Jesus doesn’t have to see the person to heal. In John chapter 4, Jesus is in a different town. A Royal Official travels the best part of a day to Cana. Jesus simply says a word, ‘Your son will live’.
And problem solved (John 4:46-54). Jesus is not like a second-rate mobile phone network, always out of range. Distance is no problem. Jesus can heal remotely. And serious disability is no problem. Jesus healed the man lame for 38 years (John 5:1-14) and the man born blind (John 9:1-41).
Yet in John chapter 11, Jesus does nothing. He doesn’t leave immediately. He doesn’t even speak the healing word for afar. He does nothing. He allows the sickness to work death in Lazarus. He allows Martha and Mary to wait in turmoil, to stand at the window and watch for a Jesus who will never arrive in time.
And then Jesus decides that he will make Mary and Martha watch their brother breathe his last. Jesus then allows Martha and Mary to start the grizzly task of preparing their brother’s body for burial. They wash Lazarus’ body, cleanse the filth and body fluids from it, so that it doesn’t keep smelling, anoint it with perfumes and spices to defer the stench, then lay it in the tomb.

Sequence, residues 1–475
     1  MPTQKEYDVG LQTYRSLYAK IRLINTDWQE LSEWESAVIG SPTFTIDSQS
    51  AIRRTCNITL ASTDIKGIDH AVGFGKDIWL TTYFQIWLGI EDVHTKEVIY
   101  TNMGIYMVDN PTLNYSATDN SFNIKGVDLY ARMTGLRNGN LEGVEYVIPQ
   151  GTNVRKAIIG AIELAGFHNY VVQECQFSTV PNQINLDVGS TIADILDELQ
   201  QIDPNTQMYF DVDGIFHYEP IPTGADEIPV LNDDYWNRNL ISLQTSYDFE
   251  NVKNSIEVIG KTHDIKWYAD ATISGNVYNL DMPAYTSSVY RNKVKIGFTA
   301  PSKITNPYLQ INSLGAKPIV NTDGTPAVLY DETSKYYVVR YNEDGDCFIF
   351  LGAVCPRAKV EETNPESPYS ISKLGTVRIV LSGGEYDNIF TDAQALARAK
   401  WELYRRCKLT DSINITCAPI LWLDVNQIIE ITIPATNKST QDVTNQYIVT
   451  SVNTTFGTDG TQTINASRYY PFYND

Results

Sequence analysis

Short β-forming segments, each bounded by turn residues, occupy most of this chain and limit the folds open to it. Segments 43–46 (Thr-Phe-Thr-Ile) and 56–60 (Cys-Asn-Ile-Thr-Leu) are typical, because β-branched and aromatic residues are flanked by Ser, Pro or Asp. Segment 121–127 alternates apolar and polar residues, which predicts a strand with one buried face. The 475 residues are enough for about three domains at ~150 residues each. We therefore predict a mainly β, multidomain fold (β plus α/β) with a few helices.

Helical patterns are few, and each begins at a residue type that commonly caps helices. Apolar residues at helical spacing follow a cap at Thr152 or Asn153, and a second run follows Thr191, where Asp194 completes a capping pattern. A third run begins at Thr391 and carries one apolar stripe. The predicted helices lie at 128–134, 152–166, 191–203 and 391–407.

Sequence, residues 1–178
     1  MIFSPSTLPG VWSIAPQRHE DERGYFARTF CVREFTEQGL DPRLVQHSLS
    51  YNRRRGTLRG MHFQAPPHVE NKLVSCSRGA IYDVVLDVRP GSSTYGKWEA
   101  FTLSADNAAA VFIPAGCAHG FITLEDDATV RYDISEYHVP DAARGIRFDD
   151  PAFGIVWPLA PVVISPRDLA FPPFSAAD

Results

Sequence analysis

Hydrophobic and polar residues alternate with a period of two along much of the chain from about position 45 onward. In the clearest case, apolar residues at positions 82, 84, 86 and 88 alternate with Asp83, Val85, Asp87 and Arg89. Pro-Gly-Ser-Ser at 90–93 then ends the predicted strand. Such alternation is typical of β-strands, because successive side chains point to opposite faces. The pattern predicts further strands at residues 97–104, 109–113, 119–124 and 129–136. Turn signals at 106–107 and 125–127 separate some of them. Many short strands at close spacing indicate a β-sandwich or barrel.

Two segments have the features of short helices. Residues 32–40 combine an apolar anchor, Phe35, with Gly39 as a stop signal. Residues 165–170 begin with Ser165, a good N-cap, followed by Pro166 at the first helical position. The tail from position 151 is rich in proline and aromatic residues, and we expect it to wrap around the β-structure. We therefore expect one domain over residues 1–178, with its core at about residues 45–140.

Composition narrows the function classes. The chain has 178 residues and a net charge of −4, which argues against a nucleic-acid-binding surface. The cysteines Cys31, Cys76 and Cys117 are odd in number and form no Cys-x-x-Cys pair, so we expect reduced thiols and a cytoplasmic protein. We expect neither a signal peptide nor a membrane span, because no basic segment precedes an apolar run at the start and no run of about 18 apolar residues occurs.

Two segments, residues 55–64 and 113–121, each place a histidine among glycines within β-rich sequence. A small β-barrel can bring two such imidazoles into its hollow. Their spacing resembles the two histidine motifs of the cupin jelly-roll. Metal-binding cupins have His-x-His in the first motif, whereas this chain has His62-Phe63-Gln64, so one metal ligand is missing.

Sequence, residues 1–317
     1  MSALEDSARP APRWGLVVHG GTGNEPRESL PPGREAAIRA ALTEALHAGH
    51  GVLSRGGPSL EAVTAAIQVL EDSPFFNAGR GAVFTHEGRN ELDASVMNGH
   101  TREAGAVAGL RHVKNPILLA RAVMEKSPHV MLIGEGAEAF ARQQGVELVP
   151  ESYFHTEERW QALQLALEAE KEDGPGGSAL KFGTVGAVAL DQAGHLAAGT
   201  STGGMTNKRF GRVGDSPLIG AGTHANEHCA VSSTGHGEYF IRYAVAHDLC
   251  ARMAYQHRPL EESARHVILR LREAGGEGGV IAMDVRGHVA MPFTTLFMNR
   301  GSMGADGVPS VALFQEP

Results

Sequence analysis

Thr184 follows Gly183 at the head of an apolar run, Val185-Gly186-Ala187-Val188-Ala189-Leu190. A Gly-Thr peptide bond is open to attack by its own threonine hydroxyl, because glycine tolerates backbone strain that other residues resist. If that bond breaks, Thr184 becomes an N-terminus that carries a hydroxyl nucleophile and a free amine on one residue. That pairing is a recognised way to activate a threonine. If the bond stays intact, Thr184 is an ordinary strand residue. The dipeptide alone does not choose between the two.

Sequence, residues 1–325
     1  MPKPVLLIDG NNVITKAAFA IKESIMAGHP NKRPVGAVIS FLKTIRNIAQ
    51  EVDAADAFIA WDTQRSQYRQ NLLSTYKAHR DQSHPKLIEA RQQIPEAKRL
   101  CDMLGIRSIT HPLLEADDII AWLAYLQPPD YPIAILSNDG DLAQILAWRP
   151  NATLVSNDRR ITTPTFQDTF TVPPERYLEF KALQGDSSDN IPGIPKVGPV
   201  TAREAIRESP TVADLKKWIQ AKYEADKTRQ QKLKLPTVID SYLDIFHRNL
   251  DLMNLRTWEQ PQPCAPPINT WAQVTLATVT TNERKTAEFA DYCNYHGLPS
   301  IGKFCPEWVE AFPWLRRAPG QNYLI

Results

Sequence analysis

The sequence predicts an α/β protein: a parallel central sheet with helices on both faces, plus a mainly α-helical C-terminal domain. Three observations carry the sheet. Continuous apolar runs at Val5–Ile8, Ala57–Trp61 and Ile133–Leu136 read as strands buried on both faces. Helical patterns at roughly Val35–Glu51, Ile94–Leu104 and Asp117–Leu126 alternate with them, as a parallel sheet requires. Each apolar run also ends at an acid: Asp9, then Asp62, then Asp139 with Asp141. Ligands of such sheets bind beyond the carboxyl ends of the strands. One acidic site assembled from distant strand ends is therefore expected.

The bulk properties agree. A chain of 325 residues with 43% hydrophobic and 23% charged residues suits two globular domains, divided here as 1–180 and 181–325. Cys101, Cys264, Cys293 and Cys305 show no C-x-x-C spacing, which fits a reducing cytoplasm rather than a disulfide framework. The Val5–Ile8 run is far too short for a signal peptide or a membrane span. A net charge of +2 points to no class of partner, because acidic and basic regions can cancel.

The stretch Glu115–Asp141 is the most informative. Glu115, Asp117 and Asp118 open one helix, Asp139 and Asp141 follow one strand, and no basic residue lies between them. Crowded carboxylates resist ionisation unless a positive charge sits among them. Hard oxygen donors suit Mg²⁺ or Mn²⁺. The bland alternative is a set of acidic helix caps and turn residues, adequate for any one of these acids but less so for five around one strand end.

By the time Jesus deigns to arrive, the family has been mourning four days. And Jesus has allowed all this to happen.
Mary is exactly right to say to him through the tears, in verse 32: “Lord, if you had been here, my brother would not have died.” (John 11:32 NIV)
I find myself asking the question “Why the Delay?” Jesus is the Resurrection and the Life
The question is ‘Why?’ Why does Jesus not act to save all this pain?
Maybe it was because Jesus didn’t really care. Maybe Jesus didn’t really love Lazarus and Mary and Martha. They are just celestial playthings as Jesus heartlessly toys with them. Well, John won’t let us say this. At the very beginning of this account, in verses 5 to 6, John says,
Jesus loved Martha and her sister and Lazarus. Yet when he heard that Lazarus was sick, he stayed where he was two more days. (John 11:5-6 NIV)
Moreover, Jesus is deeply moved when he gets to Bethany. Verse 33: